Home Apr – May 2019 British Columbia Vignettes

Apr – May 2019 British Columbia Vignettes

by admin

By Robin Laurance

AMALIE ATKINS, APRONS, 2015. COURTESY OF THE ARTIST

AMALIE ATKINS: WHERE THE HOUR FLOATS
Art Gallery at Evergreen Cultural Centre, Coquitlam. To Apr 21

Saskatoon-based, multidisciplinary artist Amalie Atkins has created a series of linked stories in the form of short fi lms and large-format photographs. Featuring an all female cast and set in a vast prairie landscape, these works “knit together autobiography with cultural history, fantasy with reality, and the conceptual with the emotional.” Atkins’ exhibition is part of the 2019 Capture Photography Festival and is her first in the Metro Vancouver area.

CORRINE HUNT, EAGLE MASK, 2018

CORRINE HUNT: RESILIENCE 2019
Coastal Peoples Fine Arts Gallery, Vancouver. To Apr 26

Resilience through laughter is the prevailing theme of Corrine Hunt’s solo show. Having faced considerable hardship and adversity in her life, the Kwakwaka’wakw-Tlingit artist and designer decided to joyfully “reframe” her experience. Her inventive new work is “an opportunity to let go of the anger and negativity in the world right now, and explore the other side,” she says. Here, her lively ideas express themselves through her palette of bright colours and her inventive use of silver, cedar and reclaimed materials.

ARCHIBALD FAIRBAIRN, POLES IN LANDSCAPE, 1960

COUNTERNARRATIVES: WATERCOLOUR PAINTINGS BY ARCHIBALD FAIRBAIRN
Bill Reid Gallery of Northwest Coast Art, Vancouver. To Jun 2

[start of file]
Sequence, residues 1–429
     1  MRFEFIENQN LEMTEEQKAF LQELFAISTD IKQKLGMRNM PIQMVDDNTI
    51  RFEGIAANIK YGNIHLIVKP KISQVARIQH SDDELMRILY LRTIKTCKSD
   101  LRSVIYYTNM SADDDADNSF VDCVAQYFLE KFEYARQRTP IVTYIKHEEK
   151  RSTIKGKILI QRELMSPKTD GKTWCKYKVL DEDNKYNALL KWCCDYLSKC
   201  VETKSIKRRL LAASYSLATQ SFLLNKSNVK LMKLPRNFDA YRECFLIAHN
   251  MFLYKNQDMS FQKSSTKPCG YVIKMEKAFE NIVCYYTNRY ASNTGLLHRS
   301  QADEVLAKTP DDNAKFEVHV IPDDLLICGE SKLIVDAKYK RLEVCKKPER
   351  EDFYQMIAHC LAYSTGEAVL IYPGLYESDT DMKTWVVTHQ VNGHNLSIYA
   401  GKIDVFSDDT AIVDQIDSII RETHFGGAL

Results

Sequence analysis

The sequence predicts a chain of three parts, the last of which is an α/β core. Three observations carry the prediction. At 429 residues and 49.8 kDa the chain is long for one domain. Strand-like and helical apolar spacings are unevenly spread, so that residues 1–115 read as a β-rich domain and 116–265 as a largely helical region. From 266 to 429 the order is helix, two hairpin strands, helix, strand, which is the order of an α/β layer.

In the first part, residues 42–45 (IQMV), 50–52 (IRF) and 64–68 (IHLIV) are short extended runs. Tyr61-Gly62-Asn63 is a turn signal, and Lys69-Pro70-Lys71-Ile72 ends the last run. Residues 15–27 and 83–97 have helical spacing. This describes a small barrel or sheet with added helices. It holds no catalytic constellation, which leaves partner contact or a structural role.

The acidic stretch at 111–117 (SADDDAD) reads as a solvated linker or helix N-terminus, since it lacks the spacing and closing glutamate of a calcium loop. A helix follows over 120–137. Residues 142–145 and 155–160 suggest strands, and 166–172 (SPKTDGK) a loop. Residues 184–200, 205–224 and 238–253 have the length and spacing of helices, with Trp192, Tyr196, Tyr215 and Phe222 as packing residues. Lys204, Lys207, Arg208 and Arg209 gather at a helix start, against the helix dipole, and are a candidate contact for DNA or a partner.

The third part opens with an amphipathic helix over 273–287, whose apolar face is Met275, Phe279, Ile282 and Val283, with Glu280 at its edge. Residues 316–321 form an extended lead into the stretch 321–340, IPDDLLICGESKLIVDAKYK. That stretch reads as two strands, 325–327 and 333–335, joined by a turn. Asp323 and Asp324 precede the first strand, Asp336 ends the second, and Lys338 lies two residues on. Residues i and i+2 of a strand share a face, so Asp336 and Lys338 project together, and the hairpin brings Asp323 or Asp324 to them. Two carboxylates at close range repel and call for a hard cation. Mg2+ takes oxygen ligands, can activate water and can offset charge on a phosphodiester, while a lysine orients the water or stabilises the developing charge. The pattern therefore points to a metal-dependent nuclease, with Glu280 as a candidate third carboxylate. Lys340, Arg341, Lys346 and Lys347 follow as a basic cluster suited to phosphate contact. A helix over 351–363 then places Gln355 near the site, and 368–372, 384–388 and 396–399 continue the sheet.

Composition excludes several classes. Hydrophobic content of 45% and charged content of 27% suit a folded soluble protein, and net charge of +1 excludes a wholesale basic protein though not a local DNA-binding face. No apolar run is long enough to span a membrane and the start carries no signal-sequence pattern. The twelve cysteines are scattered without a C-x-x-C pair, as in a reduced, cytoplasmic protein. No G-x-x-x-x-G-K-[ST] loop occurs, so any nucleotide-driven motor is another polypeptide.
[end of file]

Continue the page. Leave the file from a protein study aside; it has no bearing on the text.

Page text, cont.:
Historic record or cultural appropriation? Colonial gaze or post-colonial re-evaluation Watercolour paintings by the late South Africa–born, Vancouver Island–based artist Archibald Fairbairn (1888-1979) depict First Nations villages and totem poles on Haida Gwaii and in the Skeena and Bulkley valleys. Based on sketching trips undertaken in the 1930s and ’40s and executed in the English watercolour tradition, Fairbairn’s images are interpreted through a range of contemporary Indigenous voices.

JANE EVERETT, UNDERSTORY DETAIL, IN STUDIO, 2018

JANE EVERETT: UNDERSTORY
Kelowna Art Gallery, Kelowna. To Jun 16

In this powerfully immersive installation, large-scale charcoal drawings on drafting film create the sensation of standing within a forested landscape in the interior of British Columbia. Viewers look up into the branches of lodgepole pines, ponderosa pines and Douglas fi rs, which seem to waft and sway in the breeze. Jane Everett also introduces sobering alien elements into our viewing experience, including hydroelectric lines and pine beetle die-o , reminding us of the human impact on the natural environment.

GRACE GORDONCOLLINS, THE DRESS ON HANGER, 2018

GRACE GORDON-COLLINS: THE DRESS
Elissa Cristall Gallery, Vancouver. Apr 4 – 27

In North America, few articles of clothing are as charged with social and emotional meaning as the wedding dress – the subject of this exhibition of digital photographs, photograms and text. With their dreamy, surreal qualities, the photograms are a particularly evocative depiction of wedding dresses through four generations of the artist’s family. Grace Gordon-Collins is a multidisciplinary artist whose award-winning practice includes architecture, design and fi ne art photography.